Historical project


Alex Edgar, Editor in Chief

One of Simi Valley’s oldest landmarks, the Simi Valley Historical Strathearn Park, provides tours of barns and other buildings with a rich Native American, Spanish and pioneer history, needed a special piece that no local vendors were able to recreate. Luckily for the historical park, a volunteer for the park named Steve Foster happened to live next door to Royal’s woodshop teacher David Sorenson, who got in touch with Sorenson to see if he and his woodshop students could do the project. Sorenson accepted the request and reached out to the Simi Valley High School’s woodshop teacher Bob Rennie if his students would like to join their project.
Together, the woodshop students at Royal and Simi Valley High Schools worked to restore two finials that have been a decoration atop the houses since 1888. The finial is a decorative ornamental wooden piece which sits at the top of the roof at the very front of the house where it is one of the first things visitors will see! One of the houses that will be receiving a finial is the Printz-Powell house, which had its initial finial removed in 2018 due to heavy damage. The other house, the Haigh-Talley house, had its original one removed in 1970.
The woodshops worked together free of charge for Strathearn Park creating the two 30″ finials to the exact historical specifications on the schools lathes. Per the park’s request, the lumber used to create these two finials was milled from Redwood trees that had fallen down at parks all over Simi Valley.
They received those Redwood trees as part of Royal’s woodshop partnership with the Park District for their Urban Logging Initiative, which was started several years ago by woodshop teacher Mr. Sorenson and Sinaloa Middle School’s Bret Knizek. The Urban Logging Initiative’s purpose was to get Simi Valley’s fallen trees back into the community in another form instead of sending it to the dump or chipping it all up.
The first step of the project was the Royal High School and Simi High School woodshop students cutting wood blanks out of a big Redwood tree on Royal’s outdoor lumber mill. Next, the two schools worked on shaping the wood into replicas of the finials that originally were part of the house. After they finished making the finials, they presented them to Strathearn Park on November 22, and since then have replaced the old finials atop the historical houses.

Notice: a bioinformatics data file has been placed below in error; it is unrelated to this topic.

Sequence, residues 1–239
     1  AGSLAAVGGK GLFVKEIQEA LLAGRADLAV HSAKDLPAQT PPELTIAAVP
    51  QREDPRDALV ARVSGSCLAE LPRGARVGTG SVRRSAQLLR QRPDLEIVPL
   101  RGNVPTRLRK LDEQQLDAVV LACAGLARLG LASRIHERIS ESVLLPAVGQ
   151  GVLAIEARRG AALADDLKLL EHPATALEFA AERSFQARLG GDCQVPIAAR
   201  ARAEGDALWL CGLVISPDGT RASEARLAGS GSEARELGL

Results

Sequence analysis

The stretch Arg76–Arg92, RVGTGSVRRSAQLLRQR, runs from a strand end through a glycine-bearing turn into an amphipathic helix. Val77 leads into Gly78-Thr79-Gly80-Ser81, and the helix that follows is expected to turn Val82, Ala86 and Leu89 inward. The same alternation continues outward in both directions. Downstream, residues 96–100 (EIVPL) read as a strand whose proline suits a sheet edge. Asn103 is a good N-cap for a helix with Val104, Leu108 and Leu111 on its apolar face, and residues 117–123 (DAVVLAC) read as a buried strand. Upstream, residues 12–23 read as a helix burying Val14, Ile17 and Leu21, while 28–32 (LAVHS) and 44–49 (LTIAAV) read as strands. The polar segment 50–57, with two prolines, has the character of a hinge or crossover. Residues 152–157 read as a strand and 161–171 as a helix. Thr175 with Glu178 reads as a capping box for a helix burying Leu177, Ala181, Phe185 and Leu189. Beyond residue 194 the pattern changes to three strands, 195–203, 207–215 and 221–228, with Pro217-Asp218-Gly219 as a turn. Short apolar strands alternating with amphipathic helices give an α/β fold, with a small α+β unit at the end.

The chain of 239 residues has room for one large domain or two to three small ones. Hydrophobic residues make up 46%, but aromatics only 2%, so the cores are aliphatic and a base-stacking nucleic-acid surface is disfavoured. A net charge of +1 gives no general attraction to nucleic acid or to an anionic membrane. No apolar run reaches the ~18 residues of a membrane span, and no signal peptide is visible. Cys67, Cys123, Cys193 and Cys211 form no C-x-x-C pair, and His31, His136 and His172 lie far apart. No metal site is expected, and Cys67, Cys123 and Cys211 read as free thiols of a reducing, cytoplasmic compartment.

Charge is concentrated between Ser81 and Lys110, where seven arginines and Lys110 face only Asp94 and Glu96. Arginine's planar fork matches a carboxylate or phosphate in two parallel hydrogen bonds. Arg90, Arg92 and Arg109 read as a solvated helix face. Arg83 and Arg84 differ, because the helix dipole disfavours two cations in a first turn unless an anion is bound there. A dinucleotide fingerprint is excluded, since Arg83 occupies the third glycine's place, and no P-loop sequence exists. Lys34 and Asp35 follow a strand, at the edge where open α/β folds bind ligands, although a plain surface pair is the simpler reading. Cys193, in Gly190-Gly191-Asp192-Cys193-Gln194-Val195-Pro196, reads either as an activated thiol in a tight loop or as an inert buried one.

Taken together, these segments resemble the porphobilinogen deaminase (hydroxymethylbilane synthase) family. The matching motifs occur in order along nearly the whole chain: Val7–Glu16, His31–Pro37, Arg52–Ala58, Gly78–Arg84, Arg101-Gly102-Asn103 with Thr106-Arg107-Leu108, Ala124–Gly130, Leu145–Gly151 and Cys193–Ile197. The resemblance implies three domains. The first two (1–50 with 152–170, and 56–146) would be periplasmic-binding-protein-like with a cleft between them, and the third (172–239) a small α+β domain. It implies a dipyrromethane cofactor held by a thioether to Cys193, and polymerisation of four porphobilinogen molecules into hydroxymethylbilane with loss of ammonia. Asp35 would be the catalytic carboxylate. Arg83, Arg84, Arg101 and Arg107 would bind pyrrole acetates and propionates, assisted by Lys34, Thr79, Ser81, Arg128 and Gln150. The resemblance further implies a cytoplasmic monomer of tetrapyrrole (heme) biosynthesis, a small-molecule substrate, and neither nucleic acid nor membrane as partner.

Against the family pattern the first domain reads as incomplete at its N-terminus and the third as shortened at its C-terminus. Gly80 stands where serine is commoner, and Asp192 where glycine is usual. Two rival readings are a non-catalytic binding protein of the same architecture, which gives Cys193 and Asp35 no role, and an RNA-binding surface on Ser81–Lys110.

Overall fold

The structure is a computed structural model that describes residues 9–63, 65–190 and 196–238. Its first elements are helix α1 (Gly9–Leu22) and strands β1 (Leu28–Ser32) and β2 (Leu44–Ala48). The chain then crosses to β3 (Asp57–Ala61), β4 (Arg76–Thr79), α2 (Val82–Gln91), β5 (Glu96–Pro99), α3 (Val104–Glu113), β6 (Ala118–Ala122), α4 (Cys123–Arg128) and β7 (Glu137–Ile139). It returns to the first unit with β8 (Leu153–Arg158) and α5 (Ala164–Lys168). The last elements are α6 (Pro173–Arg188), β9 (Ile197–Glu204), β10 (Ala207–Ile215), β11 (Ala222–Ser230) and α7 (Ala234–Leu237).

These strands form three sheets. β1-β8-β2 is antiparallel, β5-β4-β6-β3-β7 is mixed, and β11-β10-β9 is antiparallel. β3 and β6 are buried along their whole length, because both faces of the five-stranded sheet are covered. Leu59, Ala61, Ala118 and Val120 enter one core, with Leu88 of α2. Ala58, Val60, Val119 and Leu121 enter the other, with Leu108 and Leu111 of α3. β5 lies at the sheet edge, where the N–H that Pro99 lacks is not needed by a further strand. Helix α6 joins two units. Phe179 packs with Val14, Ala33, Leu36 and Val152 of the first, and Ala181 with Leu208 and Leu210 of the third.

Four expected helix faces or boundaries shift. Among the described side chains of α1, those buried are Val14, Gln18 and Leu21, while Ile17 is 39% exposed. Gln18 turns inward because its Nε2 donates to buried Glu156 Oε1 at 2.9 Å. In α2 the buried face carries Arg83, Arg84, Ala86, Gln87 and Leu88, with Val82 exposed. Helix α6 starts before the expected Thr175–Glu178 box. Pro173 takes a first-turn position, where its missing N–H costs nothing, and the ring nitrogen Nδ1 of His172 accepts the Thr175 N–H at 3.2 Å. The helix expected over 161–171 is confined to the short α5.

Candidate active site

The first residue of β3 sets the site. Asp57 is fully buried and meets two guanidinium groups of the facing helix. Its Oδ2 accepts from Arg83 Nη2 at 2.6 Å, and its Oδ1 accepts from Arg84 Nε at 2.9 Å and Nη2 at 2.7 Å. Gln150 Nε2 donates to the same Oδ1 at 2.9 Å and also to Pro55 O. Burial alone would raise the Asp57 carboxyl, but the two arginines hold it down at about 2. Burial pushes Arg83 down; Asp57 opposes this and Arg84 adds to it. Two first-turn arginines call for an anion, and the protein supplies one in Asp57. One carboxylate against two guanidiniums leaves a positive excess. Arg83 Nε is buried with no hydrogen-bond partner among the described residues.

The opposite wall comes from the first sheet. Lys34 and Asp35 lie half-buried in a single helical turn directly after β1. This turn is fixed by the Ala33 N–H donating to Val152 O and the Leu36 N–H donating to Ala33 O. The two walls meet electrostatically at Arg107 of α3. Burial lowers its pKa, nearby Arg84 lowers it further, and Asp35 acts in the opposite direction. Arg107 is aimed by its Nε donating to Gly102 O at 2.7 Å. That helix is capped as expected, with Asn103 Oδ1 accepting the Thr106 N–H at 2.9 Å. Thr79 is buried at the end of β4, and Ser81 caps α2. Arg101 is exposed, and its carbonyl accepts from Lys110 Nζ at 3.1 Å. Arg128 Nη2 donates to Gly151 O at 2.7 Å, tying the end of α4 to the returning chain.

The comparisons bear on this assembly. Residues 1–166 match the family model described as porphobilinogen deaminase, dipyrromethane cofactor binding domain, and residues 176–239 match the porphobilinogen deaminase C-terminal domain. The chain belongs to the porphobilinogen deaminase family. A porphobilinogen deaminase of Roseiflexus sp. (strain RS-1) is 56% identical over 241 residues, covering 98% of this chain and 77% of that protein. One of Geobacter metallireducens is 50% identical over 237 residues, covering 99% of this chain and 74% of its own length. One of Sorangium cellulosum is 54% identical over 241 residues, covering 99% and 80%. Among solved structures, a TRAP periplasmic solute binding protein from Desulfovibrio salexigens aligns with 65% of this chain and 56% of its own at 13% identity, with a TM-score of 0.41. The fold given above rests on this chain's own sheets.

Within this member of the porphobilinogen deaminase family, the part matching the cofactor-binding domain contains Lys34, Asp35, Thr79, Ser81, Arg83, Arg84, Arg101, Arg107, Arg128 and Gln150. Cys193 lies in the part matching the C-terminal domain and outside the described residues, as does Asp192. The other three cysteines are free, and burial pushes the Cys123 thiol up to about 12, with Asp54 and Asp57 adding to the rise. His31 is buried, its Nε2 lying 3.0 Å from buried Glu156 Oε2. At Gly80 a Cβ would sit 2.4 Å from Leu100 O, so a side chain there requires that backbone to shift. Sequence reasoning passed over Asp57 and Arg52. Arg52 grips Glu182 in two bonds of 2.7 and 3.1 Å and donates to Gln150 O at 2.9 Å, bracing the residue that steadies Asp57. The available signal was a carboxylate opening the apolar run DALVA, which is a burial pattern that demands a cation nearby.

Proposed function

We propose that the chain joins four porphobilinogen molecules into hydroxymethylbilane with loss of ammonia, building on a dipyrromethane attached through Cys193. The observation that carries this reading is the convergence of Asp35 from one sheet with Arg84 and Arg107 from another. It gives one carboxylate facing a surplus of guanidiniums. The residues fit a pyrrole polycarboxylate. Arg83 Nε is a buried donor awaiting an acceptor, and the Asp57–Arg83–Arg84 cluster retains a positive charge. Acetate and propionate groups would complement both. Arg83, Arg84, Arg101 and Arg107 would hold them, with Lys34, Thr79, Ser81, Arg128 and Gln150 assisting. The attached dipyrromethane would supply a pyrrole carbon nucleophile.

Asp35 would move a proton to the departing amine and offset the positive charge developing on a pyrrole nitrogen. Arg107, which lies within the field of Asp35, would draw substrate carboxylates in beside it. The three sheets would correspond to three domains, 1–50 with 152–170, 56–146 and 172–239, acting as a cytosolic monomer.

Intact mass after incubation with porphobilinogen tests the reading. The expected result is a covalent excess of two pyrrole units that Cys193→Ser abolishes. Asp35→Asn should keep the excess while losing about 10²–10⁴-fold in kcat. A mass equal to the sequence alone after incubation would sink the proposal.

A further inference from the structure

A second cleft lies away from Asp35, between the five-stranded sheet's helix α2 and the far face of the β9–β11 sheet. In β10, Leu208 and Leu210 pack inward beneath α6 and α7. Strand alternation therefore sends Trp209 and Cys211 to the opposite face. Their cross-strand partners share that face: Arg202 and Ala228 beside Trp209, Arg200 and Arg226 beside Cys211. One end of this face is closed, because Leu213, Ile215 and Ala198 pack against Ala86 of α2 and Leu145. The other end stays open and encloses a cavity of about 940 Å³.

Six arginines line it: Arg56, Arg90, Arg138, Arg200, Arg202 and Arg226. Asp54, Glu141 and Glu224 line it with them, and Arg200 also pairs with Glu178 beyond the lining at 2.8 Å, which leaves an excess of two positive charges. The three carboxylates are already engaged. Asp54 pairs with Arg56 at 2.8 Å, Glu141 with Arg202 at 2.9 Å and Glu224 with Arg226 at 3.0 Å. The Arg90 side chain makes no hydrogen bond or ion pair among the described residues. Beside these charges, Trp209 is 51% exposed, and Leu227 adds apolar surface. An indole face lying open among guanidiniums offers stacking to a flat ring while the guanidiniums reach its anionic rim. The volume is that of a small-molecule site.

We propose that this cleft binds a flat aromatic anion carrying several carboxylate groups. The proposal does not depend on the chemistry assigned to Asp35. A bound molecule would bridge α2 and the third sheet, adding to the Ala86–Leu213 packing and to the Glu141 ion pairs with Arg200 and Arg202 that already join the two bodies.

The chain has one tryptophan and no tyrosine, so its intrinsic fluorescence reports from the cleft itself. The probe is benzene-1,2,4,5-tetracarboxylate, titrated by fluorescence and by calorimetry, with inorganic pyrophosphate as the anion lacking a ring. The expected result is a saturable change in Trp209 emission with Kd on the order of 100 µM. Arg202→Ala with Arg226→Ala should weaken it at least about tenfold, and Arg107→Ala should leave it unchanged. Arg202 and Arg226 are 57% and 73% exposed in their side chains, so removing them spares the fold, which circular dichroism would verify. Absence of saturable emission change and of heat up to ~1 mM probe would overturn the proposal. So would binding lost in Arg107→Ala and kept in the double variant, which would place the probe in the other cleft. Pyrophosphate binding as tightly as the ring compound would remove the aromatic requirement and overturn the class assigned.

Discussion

Sophomore woodshop student Steven Panferov said, “I really enjoy being a part of this project because it has helped improve my skills both in and outside of woodshop. It’s a fun class as long as you respect the machine and are safe.”
Woodshop teacher David Sorenson said, “It’s really cool to get the kids involved in the preservation of our town’s history. I think that this project gives the students a really fantastic opportunity to interact with real world application of things they’re doing in all their classes: real world problem solving, real world math, real world quality control, real world interpretation of plans, real world woodworking, and one of the most important, real world workplace communication skills. The time they have spent perfecting the finials for Strathearn Park has been invaluable to them. It is a project that they can come back and see their hard work being shown off at the park.”